233      * by a decimal string of the unbiased exponent as if produced by
 234      * a call to {@link Integer#toString(int) Integer.toString} on the
 235      * exponent value.
 236      *
 237      * <li>If <i>m</i> is a {@code double} value with a subnormal
 238      * representation, the significand is represented by the
 239      * characters {@code "0x0."} followed by a
 240      * hexadecimal representation of the rest of the significand as a
 241      * fraction.  Trailing zeros in the hexadecimal representation are
 242      * removed. Next, the exponent is represented by
 243      * {@code "p-1022"}.  Note that there must be at
 244      * least one nonzero digit in a subnormal significand.
 245      *
 246      * </ul>
 247      *
 248      * </ul>
 249      *
 250      * <table border>
 251      * <caption><h3>Examples</h3></caption>
 252      * <tr><th>Floating-point Value</th><th>Hexadecimal String</th>
 253      * <tr><td>{@code 1.0}</td> <td>{@code 0x1.0p0}</td>
 254      * <tr><td>{@code -1.0}</td>        <td>{@code -0x1.0p0}</td>
 255      * <tr><td>{@code 2.0}</td> <td>{@code 0x1.0p1}</td>
 256      * <tr><td>{@code 3.0}</td> <td>{@code 0x1.8p1}</td>
 257      * <tr><td>{@code 0.5}</td> <td>{@code 0x1.0p-1}</td>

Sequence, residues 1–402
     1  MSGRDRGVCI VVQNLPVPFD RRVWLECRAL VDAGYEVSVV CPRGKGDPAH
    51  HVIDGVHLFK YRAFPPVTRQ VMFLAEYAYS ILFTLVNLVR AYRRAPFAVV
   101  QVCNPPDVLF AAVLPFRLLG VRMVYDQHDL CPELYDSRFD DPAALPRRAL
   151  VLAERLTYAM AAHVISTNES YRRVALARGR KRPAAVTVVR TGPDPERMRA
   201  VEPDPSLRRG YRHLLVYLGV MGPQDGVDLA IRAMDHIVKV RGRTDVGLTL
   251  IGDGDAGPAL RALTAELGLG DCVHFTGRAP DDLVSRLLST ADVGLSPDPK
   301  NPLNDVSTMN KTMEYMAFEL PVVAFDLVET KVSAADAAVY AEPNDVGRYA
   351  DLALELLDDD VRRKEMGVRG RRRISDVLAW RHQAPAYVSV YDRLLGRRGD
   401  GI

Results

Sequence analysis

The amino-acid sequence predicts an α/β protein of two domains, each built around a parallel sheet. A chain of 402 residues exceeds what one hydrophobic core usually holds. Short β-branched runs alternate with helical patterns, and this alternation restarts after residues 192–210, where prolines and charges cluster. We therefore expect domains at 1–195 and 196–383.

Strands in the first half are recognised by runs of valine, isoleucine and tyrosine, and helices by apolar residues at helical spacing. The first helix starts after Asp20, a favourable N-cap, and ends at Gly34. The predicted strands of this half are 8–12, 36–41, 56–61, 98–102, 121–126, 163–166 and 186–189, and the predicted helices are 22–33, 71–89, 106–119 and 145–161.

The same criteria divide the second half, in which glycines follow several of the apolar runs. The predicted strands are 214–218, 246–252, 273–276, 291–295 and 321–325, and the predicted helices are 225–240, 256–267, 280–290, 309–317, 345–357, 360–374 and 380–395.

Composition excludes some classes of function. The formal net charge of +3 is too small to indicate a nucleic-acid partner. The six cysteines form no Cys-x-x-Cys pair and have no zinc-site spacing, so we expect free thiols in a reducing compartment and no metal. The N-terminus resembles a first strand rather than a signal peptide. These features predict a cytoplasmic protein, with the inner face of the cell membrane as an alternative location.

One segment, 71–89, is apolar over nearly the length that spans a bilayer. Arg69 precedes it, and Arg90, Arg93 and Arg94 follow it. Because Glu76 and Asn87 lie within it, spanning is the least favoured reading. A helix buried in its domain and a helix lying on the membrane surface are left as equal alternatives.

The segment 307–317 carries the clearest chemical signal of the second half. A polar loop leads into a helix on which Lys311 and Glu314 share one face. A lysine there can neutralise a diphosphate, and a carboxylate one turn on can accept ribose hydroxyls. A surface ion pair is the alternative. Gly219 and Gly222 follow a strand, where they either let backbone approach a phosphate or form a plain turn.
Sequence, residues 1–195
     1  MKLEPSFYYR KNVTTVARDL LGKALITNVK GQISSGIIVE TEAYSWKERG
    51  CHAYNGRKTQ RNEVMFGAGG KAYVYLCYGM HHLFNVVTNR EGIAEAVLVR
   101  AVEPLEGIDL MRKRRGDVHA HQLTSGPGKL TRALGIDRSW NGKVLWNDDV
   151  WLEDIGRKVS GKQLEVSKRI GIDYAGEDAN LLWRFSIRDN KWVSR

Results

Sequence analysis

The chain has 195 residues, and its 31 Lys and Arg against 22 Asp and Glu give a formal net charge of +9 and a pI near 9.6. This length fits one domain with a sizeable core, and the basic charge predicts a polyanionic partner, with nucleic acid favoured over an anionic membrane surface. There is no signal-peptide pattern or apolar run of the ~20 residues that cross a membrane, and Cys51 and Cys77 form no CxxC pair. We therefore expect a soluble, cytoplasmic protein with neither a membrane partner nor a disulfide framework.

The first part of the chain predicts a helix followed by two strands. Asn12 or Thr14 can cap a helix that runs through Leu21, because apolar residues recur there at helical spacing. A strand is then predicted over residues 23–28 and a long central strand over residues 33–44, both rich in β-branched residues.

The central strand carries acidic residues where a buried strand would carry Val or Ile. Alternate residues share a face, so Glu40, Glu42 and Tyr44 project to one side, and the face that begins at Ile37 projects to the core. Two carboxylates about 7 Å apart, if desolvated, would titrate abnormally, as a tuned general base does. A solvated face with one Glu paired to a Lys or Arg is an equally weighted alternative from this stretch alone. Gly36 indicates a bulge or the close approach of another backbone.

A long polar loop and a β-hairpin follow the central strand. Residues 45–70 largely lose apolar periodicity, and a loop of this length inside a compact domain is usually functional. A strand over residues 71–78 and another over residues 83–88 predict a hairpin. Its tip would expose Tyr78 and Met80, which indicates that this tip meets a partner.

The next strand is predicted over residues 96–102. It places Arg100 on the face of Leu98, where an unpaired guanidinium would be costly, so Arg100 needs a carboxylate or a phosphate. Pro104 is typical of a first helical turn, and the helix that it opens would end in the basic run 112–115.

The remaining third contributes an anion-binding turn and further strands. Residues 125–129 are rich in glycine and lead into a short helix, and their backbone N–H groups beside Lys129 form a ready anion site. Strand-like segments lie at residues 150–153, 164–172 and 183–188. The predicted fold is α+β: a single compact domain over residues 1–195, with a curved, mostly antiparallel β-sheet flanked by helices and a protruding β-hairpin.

258      * <tr><td>{@code 0.25}</td>        <td>{@code 0x1.0p-2}</td>
 259      * <tr><td>{@code Double.MAX_VALUE}</td>
 260      *     <td>{@code 0x1.fffffffffffffp1023}</td>
 261      * <tr><td>{@code Minimum Normal Value}</td>
 262      *     <td>{@code 0x1.0p-1022}</td>
 263      * <tr><td>{@code Maximum Subnormal Value}</td>
 264      *     <td>{@code 0x0.fffffffffffffp-1022}</td>
 265      * <tr><td>{@code Double.MIN_VALUE}</td>
 266      *     <td>{@code 0x0.0000000000001p-1022}</td>
 267      * </table>
 268      * @param   d   the {@code double} to be converted.
 269      * @return a hex string representation of the argument.
 270      * @since 1.5
 271      * @author Joseph D. Darcy
 272      */
 273     public static String toHexString(double d) {
 274         /*
 275          * Modeled after the "a" conversion specifier in C99, section
 276          * 7.19.6.1; however, the output of this method is more
 277          * tightly specified.
 278          */